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How would you do it in both a pup and a one year old dog? And what drive level, let's say on a scale of 1-10, must the dog possess to be a good working or sport dog?
 

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Which "drive"? For a pup, I think high-energy (displayed in play or prey). But drives alone don't take into account the level of obedience you get, balanced with good focus on the trainer, or the threshold to withstand an appropriate amount of correction. Overall structure plays an important part in it's athletic ability (taller can jump higher, heavier can hit harder). A good working or sport dog needs more than just drives, and different levels between working or sport purposes.

I think the exact purpose should be defined, and measure the overall dog for it.
 

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Even with tons of drive, the character of the pup/dog is as important. I want a bold, confident pup WITH good drives.
I think the year old dog is probably more of what your getting then a pup. Things can change more with a pup. What the parents ar like is just as important also.
I'm not much of a numbers (1-10) person. I've just always picked my pups because they hit me right. If any drive would be important (to me) over the others, it would be retrieve. That shows a combination of prey and willingness. From there, it depends on exactly how the dog was going to be used.
 

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This is something that can't really be learned thru a discussion on the internet. You need to see a lot of dogs just to get an idea of what high middle and low looks like as far as sport. Then I think you can start to successfully evaluate drives.

There is a video that a not to be mentioned dog breeder came out with in an attempt to show the level of drive needed. According to this video, there was no such thing as a ten. The Mal they showed that was a 7-8 would not even be a dog that I would consider working. With that dog as a guide, Buko is an 18-20.

I do applaud the attempt to show the different levels of drive, but when my American showline GSD is more than 7-8 on this scale, something is seriously awry. :eek: :eek: :eek:



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This is something that can't really be learned thru a discussion on the internet. You need to see a lot of dogs just to get an idea of what high middle and low looks like as far as sport. Then I think you can start to successfully evaluate drives.

There is a video that a not to be mentioned dog breeder came out with in an attempt to show the level of drive needed. According to this video, there was no such thing as a ten. The Mal they showed that was a 7-8 would not even be a dog that I would consider working. With that dog as a guide, Buko is an 18-20.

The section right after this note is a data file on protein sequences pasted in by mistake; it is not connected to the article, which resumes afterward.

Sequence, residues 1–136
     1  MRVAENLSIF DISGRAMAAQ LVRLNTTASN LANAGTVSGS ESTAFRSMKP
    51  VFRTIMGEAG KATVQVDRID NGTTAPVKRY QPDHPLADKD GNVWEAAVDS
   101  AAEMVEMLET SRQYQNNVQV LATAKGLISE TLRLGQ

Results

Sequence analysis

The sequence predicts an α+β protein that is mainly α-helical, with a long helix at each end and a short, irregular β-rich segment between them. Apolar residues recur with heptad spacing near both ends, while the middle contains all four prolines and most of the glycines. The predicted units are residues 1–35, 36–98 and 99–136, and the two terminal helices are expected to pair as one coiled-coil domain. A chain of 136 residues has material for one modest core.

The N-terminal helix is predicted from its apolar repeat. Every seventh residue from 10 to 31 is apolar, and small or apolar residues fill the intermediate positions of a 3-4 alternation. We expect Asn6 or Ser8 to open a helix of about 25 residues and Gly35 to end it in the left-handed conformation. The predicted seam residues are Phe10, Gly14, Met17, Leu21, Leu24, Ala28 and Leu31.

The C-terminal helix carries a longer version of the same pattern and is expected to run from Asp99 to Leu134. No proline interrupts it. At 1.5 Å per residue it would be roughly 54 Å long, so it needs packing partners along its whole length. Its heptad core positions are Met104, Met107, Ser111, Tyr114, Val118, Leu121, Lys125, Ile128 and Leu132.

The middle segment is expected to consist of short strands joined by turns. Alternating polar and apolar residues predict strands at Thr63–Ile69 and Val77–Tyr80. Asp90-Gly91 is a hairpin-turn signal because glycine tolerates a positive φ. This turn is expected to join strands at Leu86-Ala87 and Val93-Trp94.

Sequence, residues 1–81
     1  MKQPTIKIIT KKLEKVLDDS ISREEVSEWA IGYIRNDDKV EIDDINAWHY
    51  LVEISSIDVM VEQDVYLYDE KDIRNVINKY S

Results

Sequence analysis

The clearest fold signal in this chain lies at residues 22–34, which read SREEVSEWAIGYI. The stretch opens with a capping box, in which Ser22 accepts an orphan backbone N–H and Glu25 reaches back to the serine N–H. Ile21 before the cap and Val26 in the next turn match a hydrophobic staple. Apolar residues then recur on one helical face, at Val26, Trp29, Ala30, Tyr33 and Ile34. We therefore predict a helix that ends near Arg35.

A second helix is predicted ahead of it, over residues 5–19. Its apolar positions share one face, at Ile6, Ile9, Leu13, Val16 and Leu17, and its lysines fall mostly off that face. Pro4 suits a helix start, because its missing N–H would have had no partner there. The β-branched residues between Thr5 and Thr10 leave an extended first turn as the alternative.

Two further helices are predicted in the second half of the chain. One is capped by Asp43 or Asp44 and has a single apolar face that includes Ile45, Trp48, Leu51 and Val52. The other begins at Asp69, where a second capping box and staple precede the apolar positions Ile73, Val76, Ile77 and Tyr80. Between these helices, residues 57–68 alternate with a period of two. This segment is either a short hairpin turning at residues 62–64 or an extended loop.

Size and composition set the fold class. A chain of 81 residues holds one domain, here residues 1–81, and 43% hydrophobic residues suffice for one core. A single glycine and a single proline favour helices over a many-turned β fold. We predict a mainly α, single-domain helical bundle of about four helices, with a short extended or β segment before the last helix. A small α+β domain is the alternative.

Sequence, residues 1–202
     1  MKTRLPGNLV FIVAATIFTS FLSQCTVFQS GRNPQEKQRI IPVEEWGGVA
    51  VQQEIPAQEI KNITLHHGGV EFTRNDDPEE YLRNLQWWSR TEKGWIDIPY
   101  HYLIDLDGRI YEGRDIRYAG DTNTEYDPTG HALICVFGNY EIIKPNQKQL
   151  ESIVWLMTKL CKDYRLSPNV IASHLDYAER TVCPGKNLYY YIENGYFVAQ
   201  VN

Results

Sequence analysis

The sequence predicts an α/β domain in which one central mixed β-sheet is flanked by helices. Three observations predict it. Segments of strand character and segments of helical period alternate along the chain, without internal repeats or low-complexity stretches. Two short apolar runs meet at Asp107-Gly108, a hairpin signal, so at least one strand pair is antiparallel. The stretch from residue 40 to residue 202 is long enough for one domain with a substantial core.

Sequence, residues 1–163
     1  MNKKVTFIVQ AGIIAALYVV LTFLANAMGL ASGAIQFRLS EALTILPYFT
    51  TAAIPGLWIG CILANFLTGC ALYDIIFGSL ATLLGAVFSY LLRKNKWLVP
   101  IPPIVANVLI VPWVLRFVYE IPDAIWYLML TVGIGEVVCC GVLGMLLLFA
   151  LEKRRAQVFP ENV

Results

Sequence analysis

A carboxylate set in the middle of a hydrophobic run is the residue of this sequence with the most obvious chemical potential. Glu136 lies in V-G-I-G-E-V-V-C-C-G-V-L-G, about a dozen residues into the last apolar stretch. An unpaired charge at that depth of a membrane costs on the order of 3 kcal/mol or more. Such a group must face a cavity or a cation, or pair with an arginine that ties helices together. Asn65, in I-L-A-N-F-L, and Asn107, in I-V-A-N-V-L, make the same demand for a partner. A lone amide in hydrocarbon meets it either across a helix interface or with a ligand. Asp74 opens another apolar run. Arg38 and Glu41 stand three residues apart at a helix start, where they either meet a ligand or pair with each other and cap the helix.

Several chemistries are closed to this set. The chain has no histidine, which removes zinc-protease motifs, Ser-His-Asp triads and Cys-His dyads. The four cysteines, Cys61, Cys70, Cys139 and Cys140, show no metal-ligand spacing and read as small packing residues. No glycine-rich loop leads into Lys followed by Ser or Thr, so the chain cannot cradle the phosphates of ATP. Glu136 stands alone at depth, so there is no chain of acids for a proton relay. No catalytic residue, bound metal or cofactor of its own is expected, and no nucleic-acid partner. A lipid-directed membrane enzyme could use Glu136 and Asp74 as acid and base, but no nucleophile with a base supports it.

I do applaud the attempt to show the different levels of drive, but when my American showline GSD is more than 7-8 on this scale, something is seriously awry. :eek: :eek: :eek:



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In my business, I don't deal with pups. I need dogs that are able to start training. As for evaluating. In single purpose dogs, those to be used for detector work, the dog must hunt. Lots of dogs will retrieve, but will they hunt. It's difficult to describe. As I told one person watching me evaluate some dogs, I said I was looking for the dog that was hunting to make him happy not me. When evaluating, I always remove the dog from their environment. Neutral ground so to speak. The "hunt" drive, (for the lack of a better term) is just something a dog has to have. As far as selection potential patrol dogs, I pretty much use the test we've already discussed.

DFrost
 

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David Frost said:
In single purpose dogs, those to be used for detector work, the dog must hunt. Lots of dogs will retrieve, but will they hunt. It's difficult to describe. As I told one person watching me evaluate some dogs, I said I was looking for the dog that was hunting to make him happy not me.
David,

A while back I read something similar to what you're saying here. And so one day I tricked my dog into thinking I hit a tennis ball out into a field when in actuallity I hit an old busted ball over a fence and in another direction. I then gave him a command to "find it". Half an hour later he was still running up and down and across the field, circling, sniffing and quite apparently looking for that ball. I thought enough was enough and hit one to him to reward him for his commitment. Is this what you're talking about?
 
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David Frost said:
In my business, I don't deal with pups. I need dogs that are able to start training. As for evaluating. In single purpose dogs, those to be used for detector work, the dog must hunt. Lots of dogs will retrieve, but will they hunt. It's difficult to describe. As I told one person watching me evaluate some dogs, I said I was looking for the dog that was hunting to make him happy not me. When evaluating, I always remove the dog from their environment. Neutral ground so to speak. The "hunt" drive, (for the lack of a better term) is just something a dog has to have. As far as selection potential patrol dogs, I pretty much use the test we've already discussed.

DFrost

I agree, David. If I need to tweak a dog with a ball or any props just to make it work when it should have been natural with a nicely-bred dog, I'd probably will have nothing to do with that dog. The work will just be too serious for any play-driven dog.

JMHO...
 
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